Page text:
Durablity of Concrete Exposed to Sea Water and Alkali Soils-California Experience


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Title: Durablity of Concrete Exposed to Sea Water and Alkali Soils-California Experience

Author(s): Thomas E. Stanton

Publication: Journal Proceedings

Volume: 44

Issue: 5

Appears on pages(s): 821-848

Keywords: none

Date: 5/1/1948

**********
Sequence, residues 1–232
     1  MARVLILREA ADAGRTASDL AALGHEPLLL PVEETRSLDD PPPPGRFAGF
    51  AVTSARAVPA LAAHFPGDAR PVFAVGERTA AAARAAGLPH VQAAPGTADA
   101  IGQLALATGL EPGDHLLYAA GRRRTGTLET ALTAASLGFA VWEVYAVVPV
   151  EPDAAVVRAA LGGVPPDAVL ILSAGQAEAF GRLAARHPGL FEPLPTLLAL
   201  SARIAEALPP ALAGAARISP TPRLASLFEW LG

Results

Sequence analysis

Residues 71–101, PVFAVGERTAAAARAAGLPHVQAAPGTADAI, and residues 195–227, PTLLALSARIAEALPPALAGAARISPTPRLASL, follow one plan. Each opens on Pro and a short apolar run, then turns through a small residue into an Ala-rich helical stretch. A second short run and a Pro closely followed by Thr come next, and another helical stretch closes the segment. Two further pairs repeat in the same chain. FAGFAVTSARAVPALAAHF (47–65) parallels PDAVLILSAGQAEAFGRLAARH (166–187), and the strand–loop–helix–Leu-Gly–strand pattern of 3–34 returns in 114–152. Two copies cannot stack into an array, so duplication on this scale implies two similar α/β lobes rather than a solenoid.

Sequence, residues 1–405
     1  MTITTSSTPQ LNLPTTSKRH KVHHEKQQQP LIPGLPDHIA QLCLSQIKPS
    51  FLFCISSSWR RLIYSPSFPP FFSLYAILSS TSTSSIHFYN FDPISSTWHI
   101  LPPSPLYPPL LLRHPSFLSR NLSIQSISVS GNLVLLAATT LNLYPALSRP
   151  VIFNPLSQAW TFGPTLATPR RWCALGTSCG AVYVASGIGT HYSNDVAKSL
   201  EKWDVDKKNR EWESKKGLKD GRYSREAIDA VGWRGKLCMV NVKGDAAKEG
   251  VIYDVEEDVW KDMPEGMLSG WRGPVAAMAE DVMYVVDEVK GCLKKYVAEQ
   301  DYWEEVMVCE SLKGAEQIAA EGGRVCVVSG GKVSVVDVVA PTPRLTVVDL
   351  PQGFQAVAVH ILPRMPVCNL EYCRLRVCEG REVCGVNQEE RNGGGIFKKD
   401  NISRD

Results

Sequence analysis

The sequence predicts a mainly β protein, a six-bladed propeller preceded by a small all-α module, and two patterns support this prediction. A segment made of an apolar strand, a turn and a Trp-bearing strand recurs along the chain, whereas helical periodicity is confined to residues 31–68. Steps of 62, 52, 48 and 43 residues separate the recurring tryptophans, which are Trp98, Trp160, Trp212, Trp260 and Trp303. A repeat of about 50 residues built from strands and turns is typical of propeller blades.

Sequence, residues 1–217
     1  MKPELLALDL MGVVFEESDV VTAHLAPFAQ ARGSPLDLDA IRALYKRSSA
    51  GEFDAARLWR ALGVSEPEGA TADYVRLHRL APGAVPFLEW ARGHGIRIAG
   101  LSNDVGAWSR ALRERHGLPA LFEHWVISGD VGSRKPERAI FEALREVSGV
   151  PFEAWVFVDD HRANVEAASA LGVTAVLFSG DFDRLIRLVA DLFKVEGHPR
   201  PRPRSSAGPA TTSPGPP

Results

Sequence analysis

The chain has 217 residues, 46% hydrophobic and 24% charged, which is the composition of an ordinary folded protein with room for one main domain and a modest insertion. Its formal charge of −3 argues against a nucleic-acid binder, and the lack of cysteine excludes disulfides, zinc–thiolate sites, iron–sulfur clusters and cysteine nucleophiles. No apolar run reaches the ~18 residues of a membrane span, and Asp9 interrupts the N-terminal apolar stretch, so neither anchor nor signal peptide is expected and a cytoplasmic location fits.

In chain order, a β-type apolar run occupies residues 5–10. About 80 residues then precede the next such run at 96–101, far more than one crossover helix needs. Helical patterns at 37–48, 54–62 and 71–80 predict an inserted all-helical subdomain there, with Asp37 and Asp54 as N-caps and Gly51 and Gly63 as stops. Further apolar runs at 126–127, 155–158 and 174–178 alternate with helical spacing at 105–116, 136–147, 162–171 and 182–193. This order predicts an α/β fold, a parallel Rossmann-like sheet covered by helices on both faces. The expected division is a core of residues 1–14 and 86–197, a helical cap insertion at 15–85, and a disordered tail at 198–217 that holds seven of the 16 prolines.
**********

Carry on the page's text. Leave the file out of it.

This discussion is a continuation of a discussion on the same subject published in the ACI Journal for March-April, 1938. Data not available at that time which have since come to light contribute materially to our understanding of the causes of concrete deterioration when exposed to sea water and alkali soils and appropriate corrective or protective measures. The principal new developments are: 1. The discovery that one cause of excessive expansion and cracking of concrete is an adverse reaction between certain minerals in the aggregate and the alkali constituents of portland cement, thereby providing an avenue for the ingress and deposit of aggressive salts in excessive amounts. The cure in this case is to use either a non-reactive aggregate or a low alkali or suitable portland-pozzolan cement. 2. Positive evidence that the resistance of concrete to sulfate attack is materially improved through the use of suitable air-entraining agent. Accelerated tests indicate the A.S.T.M.-approved air-entraining agents Vinsol resin and Darex are suitable and effective.